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Front Psychol. 2015 Jan 5;5:1519. doi: 10.3389/fpsyg.2014.01519. eCollection 2014.

Children do not exhibit ambiguity aversion despite intact familiarity bias.

Author information

1
Department of Psychology and Neuroscience, Duke University Durham, NC, USA ; Center for Cognitive Neuroscience, Duke University Durham, NC, USA.
2
Department of Psychology and Neuroscience, Duke University Durham, NC, USA ; Center for Cognitive Neuroscience, Duke University Durham, NC, USA ; Center for Interdisciplinary Decision Sciences, Duke University Durham, NC, USA.
3
Department of Psychology and Neuroscience, Duke University Durham, NC, USA ; Center for Cognitive Neuroscience, Duke University Durham, NC, USA ; Center for Interdisciplinary Decision Sciences, Duke University Durham, NC, USA ; Brain Imaging and Analysis Center, Duke University Durham, NC, USA.

Abstract

The phenomenon of ambiguity aversion, in which risky gambles with known probabilities are preferred over ambiguous gambles with unknown probabilities, has been thoroughly documented in adults but never measured in children. Here, we use two distinct tasks to investigate ambiguity preferences of children (8- to 9-year-olds) and a comparison group of adults (19- to 27-year-olds). Across three separate measures, we found evidence for significant ambiguity aversion in adults but not in children and for greater ambiguity aversion in adults compared to children. As ambiguity aversion in adults has been theorized to result from a preference to bet on the known and avoid the unfamiliar, we separately measured familiarity bias and found that children, like adults, are biased towards the familiar. Our findings indicate that ambiguity aversion emerges across the course of development between childhood and adolescence, while a familiarity bias is already present in childhood.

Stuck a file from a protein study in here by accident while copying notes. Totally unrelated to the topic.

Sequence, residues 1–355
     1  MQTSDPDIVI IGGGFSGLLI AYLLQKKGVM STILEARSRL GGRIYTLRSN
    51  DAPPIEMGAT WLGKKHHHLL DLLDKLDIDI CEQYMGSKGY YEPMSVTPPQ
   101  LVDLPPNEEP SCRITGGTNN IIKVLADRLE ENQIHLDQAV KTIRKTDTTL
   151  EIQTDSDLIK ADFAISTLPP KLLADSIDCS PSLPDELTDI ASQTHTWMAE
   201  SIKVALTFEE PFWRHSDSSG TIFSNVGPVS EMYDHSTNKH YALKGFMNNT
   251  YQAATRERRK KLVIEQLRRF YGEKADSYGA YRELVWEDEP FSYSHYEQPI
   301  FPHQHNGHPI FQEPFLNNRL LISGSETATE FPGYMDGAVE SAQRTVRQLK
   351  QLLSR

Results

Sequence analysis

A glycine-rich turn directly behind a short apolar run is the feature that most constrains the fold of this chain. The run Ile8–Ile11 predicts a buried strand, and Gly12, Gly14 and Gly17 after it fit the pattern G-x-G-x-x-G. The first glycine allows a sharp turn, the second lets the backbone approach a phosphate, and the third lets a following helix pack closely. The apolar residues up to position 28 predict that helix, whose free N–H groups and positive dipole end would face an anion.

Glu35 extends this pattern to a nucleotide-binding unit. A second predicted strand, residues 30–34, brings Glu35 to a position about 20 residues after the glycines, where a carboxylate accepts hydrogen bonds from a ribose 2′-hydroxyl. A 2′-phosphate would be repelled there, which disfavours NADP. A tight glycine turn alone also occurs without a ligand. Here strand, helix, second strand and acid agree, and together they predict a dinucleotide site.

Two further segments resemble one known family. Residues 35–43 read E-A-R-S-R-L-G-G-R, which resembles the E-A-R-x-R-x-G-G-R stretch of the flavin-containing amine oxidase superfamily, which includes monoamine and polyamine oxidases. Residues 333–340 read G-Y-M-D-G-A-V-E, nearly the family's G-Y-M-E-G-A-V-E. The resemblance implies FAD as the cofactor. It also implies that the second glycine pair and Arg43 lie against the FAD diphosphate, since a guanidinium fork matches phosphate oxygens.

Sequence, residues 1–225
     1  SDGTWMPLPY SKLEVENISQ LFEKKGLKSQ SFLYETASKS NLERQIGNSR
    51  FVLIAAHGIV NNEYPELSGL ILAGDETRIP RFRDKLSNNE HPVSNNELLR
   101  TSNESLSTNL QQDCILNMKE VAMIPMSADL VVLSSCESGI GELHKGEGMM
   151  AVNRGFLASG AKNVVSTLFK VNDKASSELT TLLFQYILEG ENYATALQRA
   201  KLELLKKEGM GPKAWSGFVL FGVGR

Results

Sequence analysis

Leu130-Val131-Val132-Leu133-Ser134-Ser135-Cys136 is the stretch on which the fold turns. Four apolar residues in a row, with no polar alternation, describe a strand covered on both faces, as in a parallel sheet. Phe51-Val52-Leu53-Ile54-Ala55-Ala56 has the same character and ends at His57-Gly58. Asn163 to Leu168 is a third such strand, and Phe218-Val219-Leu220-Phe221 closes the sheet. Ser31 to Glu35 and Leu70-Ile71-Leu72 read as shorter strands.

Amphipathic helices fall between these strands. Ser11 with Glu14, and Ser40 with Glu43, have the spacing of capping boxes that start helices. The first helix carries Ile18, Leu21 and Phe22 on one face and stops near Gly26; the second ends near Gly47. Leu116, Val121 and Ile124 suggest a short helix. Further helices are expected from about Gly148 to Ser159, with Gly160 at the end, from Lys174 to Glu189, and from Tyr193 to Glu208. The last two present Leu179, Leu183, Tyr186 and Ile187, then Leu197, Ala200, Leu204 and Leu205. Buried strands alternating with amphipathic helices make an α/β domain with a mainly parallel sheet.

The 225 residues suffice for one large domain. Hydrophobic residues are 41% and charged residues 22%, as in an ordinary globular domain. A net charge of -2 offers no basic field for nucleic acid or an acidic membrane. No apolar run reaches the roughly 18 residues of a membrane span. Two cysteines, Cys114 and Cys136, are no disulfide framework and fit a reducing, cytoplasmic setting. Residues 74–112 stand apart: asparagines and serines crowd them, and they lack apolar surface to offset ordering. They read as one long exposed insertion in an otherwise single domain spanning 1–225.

KEYWORDS:

ambiguity; ambiguity aversion; children; decision-making; development; familiarity bias; risk; uncertainty

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